Balancing the Books -- by the Book

For primers on small-business accounting, entrepreneurs can look to the Web and the business sections of their local libraries

By Karen E. Klein

Q: I am setting up a consulting practice. Are there some books you can refer me to that will help me understand small-business accounting? I have taken college-level accounting classes, but it is hard for me to relate the textbook terms to real life. -- C.G., Chicago


Translating theory into practice shouldn't be too difficult once you get started. The procedure for tracking your company's financial status is basically the same no matter how large or small a company you're running, says Philip Wolitzer, a professor emeritus at Long Island University who specializes in accounting and taxation. "You have the same accounts -- assets, liabilities, capital, income, and expenses -- whether you're a tiny business or a huge business," he says. "All a small business has to do is keep track of its assets, the liabilities it owes, the income coming in, and the expenses it's paying out."

Specially adapted software for small-business use, like QuickBooks and Peachtree offerings, make financial record-keeping easier and include information aimed at beginners. Bill Sturgeon, a CPA based in El Cajon, Calif., recommends his clients use the library included with the QuickBooks CD as a resource. "There are informative articles there regarding most business categories and issues and an extensive glossary of terms," he says. "There are two aspects of learning small-business accounting: the theoretical part, which you get in college, and the mechanical part, which you get on the job. Quickbooks blends both at an entry level and covers most of the basics."

If you want to investigate some of the additional small-business accounting software that's available, you might check with other consultants, professional consulting organizations, and service-based business groups to see what their members are using.


  If it's a book you want, Megan Marcoux, a Sacramento-based CPA, recommends Accounting and Finance for Your Small Business, by E. James Burton and Steven M. Bragg (published by John Wiley & Sons, it is listed at $24.46 on "The book touches on all the important issues such as budgeting, accounting, planning for tax liabilities, etc.," advises Marcoux. "If you have a basic understanding of accounting, this book will be a good fit. It is not too basic, but it's also not a textbook."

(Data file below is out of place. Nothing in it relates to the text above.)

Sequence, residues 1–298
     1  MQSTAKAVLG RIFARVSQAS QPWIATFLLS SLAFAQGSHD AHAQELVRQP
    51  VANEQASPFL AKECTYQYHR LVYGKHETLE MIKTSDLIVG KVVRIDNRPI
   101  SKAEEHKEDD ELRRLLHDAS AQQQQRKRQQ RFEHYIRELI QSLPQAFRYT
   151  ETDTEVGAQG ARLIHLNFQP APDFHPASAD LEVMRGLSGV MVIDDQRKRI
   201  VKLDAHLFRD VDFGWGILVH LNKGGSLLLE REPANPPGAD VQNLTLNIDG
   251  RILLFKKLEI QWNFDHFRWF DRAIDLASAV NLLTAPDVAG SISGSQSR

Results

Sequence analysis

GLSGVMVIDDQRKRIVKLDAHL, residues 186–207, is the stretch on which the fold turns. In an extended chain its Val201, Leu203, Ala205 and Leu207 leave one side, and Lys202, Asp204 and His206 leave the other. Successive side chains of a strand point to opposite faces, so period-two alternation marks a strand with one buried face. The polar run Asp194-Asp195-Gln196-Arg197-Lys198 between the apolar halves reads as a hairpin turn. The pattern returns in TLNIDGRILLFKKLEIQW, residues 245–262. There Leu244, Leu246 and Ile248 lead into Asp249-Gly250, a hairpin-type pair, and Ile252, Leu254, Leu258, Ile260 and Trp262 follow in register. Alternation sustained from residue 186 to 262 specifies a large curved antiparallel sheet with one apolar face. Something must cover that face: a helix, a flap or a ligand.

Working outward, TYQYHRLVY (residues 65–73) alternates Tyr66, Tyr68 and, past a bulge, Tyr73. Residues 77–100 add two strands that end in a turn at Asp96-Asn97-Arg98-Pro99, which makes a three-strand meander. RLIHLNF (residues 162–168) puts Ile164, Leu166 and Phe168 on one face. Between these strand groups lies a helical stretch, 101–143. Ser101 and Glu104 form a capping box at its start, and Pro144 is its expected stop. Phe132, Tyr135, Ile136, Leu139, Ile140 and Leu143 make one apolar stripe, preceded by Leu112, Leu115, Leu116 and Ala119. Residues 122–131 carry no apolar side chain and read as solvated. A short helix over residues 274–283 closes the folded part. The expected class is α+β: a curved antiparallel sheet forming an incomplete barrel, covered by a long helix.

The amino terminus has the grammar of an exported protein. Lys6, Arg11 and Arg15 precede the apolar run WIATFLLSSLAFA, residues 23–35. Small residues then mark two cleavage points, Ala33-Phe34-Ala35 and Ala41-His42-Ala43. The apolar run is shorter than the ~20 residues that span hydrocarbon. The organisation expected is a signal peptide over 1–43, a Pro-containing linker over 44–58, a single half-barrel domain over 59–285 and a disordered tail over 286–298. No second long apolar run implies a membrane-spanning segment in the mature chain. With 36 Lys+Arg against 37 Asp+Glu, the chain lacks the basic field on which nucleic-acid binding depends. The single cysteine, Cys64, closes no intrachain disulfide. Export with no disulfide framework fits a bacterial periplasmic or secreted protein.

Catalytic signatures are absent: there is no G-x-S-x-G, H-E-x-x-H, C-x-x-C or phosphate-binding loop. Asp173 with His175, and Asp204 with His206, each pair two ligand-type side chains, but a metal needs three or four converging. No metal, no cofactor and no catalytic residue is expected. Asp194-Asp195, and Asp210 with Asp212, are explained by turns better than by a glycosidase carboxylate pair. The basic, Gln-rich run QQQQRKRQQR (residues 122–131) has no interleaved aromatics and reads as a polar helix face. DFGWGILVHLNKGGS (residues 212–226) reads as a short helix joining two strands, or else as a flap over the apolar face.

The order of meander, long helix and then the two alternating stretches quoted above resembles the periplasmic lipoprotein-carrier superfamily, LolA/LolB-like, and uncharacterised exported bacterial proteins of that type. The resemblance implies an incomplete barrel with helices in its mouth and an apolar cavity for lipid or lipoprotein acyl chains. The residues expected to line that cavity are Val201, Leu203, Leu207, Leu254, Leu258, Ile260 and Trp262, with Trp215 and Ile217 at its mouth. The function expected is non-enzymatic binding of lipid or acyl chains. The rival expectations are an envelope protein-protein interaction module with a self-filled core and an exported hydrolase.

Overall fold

Paul Kirschner, a Southern California management consultant, values the two-volume Small Business Sourcebook, edited by Yolanda A. Johnson. The hardcover resource, published by Gale, can be ordered through the publisher's online catalog for $350. If you are reluctant to part with that sort of money, the set should be available through local libraries with business reference sections. "These are hardcover books with excellent coverage of many different business aspects in a lot of detail," Kirschner says. He also suggests you ask your chamber of commerce for book recommendations.

Even with an academic background, excellent software, and good research, experts say you should hire an accountant to work with your business, particularly at the start. "You're usually far better off paying attention to the business and letting the accountant worry about the accounting. And it will probably be cheaper in the long run, because you'll be focusing on bringing in clients and making money and the accountant will keep you well-informed about where your business is, financially speaking," says Wolitzer.

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